An update from the Glioblastoma Research Team

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Professor Michael Jenkinson (left) and Dr Michael Cearns

Since its launch last year, and thanks to the incredible support of our donors, the Glioblastoma Fund campaign has raised over £195,000. Following the appointment of Dr Michael Cearns, as the new Kevin O'Riordan Brain Tumour Clinical PhD Research Fellow in November, donations have helped to ensure that this life-changing research can continue.

Donors have been fundraising across the world, including Kathryn Wright who, along with her friends, took part in a colour run in November 2022 in memory of her father. In October 2022 Eoin O'Grady ran the Auckland marathon in memory of Kevin O'Riordan, and Kathryn Stuart and her daughters, along with friends, climbed Mount Kilimanjaro in September 2022 in memory of Ian Stuart.

Dr Michael Cearns, the Kevin O’Riordan PhD Fellow, recently announced that his team “are well underway in establishing our cutting-edge research programme studying the immune response in glioblastoma.” 

The team uses a technique called ‘multiplex immunofluorescence’. This allows them to study glioblastoma by applying fluorescent markers to many different cell types and imaging the tumour at high magnification. This method is capable of generating breakthroughs in their understanding of how different types of cell are distributed within a tumour, signal to other cells, and physically interact. The team are building a panel of 46 markers, which represents the largest panel ever applied to brain tumours using this technique, allowing them to better understand the biology of patients with glioblastoma who respond to treatment.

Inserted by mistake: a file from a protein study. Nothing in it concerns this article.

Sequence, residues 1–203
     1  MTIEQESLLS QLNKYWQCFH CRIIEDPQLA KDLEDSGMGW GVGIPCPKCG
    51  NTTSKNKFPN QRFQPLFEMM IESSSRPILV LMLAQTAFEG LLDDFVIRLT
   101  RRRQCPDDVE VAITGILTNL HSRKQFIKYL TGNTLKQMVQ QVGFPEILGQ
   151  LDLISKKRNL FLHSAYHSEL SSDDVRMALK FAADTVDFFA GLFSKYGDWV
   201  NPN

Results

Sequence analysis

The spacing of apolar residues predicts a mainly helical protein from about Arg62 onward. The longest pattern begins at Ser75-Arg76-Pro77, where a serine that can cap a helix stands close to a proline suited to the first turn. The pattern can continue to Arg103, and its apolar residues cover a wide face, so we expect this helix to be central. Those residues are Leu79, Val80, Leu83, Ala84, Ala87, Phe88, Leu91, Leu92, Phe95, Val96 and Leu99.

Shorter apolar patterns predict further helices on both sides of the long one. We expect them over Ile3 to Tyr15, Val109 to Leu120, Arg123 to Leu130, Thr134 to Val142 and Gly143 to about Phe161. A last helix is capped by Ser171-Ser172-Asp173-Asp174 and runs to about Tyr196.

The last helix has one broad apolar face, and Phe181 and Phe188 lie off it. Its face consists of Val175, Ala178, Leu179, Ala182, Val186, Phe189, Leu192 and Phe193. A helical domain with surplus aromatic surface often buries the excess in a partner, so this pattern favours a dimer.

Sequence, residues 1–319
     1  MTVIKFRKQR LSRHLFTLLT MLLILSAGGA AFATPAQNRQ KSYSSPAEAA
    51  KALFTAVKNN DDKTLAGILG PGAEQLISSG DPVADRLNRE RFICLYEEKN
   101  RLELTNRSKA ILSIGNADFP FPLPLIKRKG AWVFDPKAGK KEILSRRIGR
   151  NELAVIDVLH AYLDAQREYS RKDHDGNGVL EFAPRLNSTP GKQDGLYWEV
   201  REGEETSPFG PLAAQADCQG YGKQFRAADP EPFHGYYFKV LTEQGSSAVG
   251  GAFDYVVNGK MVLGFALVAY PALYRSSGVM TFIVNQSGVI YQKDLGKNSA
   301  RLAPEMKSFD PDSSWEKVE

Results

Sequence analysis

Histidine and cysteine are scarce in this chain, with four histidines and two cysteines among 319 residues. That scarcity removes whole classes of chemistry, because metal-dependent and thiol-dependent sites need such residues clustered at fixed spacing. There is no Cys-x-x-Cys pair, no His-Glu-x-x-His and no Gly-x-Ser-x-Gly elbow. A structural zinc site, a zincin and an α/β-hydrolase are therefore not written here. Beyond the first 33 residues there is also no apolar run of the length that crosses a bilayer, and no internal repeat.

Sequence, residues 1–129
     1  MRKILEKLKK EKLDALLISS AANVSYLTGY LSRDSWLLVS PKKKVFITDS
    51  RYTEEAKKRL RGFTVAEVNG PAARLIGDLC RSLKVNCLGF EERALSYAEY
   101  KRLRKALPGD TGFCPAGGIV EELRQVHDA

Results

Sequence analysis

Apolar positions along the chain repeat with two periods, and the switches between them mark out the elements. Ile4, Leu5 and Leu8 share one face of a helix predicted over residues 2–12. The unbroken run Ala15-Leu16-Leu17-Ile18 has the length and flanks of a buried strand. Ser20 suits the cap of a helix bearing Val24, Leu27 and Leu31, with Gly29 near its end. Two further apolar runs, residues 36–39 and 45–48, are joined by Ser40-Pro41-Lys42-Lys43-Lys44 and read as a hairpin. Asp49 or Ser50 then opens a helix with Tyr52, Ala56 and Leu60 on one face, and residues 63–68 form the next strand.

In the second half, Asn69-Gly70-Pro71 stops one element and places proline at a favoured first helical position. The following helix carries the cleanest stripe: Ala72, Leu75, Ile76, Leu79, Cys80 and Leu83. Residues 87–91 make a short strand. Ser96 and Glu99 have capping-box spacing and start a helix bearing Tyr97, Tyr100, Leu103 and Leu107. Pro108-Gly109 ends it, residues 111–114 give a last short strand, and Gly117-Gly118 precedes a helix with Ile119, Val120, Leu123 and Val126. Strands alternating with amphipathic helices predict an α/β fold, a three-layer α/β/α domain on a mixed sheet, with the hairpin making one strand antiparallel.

The second part of their work is called Navigate-GBM, aiming to understand how the tumour immune response varies in different parts of the tumour.  Using the Walton Centre’s previously established biobank, the team are taking image-guided surgical samples from different regions of the same tumour during that standard surgical resection, as well as blood samples around the time of the operation.

The team have studied two patients so far and will be able to isolate the immune cells from these tumours and sequence their genetic signature.  If the researchers can identify the proteins that immune cells are able to respond to in these tumours, this will pave the way for finding a combination of treatments that prolongs patients’ lives, or a new treatment such as a cancer vaccine.

On behalf of Dr Cearns and the team, we would like thank everyone who has supported their research. The team "are optimistic about this work and very grateful to all our sponsors and, most of all, our patients, for allowing this research to take place." 

The fund is now only £55,000 away from its target, if you would like to donate please visit here.